Can We Afford the Damage of a Cyber Attack on Financial Market Data?

June 05, 2017

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Governments, corporations and cybersecurity experts are still reeling after getting a taste of the most widespread ransomware attack to date. Only a few weekends ago, over 200,000 computers in 99 countries were hit by the unprecedented “Wanna” ransomware attack, also known as: WannaCry, WCry, WanaCrypt and WanaCrypt0r.

The British National Health Service was the first to report the attack, after several of its systems had been hit. Later, Spain’s largest telecommunications company Telefonica, and French carmakers Renault also admitted to being hit – among other government agencies, global organizations and corporations.

The WannaCry attack is a new one. But still one of the largest breaches in history, the 2014 JP Morgan Data Breach affected tens of millions of people, and seven million businesses—a total of 83 million customers. Five individuals used malware, social engineering, and spear-phishing attacks to plunder emails, addresses, phone numbers, SSNs, and other customer information, not just from JP Morgan itself, but other related financial institutions around the same time.

A Cyber Attack of Financial Market Data Could Paralyze the Markets

The swiftness in which the attack spread, and the fact that it easily infiltrated systems that are supposed to be responsible for our safety is particularly troubling: if hospitals and car manufacturers’ applications can get exploited so easily – financial data applications should not be any different, vulnerability wise.

The 2016 Financial Industry Cybersecurity Report summarized it all saying that Cybercrime has jumped to the second most reported economic crime in PWC’s Global Economic Crime Survey and financial institutions are prime targets. As cyber criminals find new ways to attack, breach, and exploit organizations, threat patterns such as phishing, spear-phishing, and social engineering evolve and become more sophisticated.

The 2016 Financial Industry Cybersecurity Report further lists the following findings:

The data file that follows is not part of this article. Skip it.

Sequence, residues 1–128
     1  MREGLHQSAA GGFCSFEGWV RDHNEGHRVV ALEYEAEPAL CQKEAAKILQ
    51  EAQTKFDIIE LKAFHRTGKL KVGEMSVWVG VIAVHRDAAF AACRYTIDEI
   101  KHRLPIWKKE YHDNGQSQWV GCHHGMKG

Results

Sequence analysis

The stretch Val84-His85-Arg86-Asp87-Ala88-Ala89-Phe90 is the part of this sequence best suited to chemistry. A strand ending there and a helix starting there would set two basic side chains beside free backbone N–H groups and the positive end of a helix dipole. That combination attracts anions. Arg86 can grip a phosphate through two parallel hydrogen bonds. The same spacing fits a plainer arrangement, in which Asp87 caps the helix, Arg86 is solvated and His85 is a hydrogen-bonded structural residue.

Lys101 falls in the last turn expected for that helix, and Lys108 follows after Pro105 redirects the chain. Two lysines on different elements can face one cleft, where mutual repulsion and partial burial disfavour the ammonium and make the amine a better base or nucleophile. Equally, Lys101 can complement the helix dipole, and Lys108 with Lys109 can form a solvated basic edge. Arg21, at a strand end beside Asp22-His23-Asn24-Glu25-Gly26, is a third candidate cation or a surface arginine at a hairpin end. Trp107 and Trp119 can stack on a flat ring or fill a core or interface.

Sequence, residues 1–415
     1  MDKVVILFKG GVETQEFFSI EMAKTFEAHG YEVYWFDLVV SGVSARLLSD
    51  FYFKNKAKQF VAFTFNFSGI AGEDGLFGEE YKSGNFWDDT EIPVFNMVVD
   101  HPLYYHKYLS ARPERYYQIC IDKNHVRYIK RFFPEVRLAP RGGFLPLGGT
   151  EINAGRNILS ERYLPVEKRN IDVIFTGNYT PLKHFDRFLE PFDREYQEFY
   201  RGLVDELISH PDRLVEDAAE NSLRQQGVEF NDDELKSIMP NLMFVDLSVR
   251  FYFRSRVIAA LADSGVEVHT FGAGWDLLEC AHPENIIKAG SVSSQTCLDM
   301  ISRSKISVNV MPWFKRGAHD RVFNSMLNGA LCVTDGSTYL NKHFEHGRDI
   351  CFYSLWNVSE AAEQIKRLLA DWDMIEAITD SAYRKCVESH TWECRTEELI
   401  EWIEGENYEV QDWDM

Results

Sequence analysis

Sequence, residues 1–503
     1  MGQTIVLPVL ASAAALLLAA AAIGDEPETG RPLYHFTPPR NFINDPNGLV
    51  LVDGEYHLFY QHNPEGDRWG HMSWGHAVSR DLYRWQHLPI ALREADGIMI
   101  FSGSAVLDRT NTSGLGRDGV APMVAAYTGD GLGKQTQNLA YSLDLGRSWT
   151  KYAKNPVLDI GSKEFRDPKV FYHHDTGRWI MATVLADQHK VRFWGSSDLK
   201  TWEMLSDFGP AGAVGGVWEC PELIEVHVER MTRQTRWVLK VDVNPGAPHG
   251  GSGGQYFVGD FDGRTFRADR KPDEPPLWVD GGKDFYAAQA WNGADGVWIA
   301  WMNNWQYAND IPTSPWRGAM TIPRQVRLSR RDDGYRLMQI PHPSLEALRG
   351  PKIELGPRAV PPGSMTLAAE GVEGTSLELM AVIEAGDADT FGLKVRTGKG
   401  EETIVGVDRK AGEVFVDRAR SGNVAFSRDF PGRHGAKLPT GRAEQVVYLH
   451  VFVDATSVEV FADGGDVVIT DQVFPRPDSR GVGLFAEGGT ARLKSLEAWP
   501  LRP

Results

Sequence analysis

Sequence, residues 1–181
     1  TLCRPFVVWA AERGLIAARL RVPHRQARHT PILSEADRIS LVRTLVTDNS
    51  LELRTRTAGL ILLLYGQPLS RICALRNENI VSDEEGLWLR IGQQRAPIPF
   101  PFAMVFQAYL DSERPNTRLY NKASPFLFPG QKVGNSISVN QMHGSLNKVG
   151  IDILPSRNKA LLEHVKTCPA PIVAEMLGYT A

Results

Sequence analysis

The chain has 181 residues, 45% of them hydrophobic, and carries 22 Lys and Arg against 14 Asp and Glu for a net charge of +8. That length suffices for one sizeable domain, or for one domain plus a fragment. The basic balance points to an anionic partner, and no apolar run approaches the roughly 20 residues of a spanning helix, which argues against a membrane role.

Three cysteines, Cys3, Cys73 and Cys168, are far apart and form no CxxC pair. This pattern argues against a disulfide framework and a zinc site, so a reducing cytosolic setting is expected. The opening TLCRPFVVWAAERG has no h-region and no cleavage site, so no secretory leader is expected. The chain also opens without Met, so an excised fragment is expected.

• The U.S. Commercial bank with the lowest security posture is one of the top 10 largest financial service organizations in the U.S (by revenue);
  • Only one of the top 10 largest banks, Bank of America, received an overall ‘A’ grade;
  • 75% out of the top 20 U.S. commercial banks (by revenue) are infected with malware and several malware families were discovered within these banks, including Ponyloader, and Vertexnet.1
  • 95% out of the top 20 U.S. commercial banks (by revenue) have a Network Security grade of “C” or below;
  • Nearly 1 out of 5 financial institutions use an email service provider with severe security vulnerabilities.

The report authors summarize it all by saying that financial organizations need solutions that assess vulnerabilities and their vendor’s vulnerabilities in real-time.

Open source is everywhere. You can’t avoid it anymore. So, might as well manage it.

Understanding today’s application security challenges, one may want to acknowledge that  software composition has changed fundamentally in recent years. A software program today typically consists of proprietary code, open source components and commercial libraries, while open source has become the most dominant part.

Forrester’s latest ‘software composition analysis’ report estimates that 60 to 80 percent of the average software product are open source components. Although open source has been central to increasing software developers’ productivity, it has also introduced new challenges into the software development process. The problem is most software development and security teams have not adapted well to handle these new challenges.

That’s why it’s important to make sure you:

  • Keep track of all your software components: proprietary, third party and open source, so that you can locate vulnerabilities and mitigate them before the hackers get a chance to exploit your organization or product;
  • Put an automated and continuous open source security management system in place to regularly track your components, alert your team about vulnerabilities and present the recommended fixes is a great step in the right direction;
  • Define (and enforcing) a project lifecycle that embodies legal, security and quality standards common in regulated industries like financial services;
  • Provide a project infrastructure that implements continuous automation across all hosted projects.

We’d love to hear your thoughts! How are you adapting to security challenges introduced by open source - and more importantly what processes have you introduced?

Patricia Johnson is an Open Source Security and Licensing Expert at WhiteSource.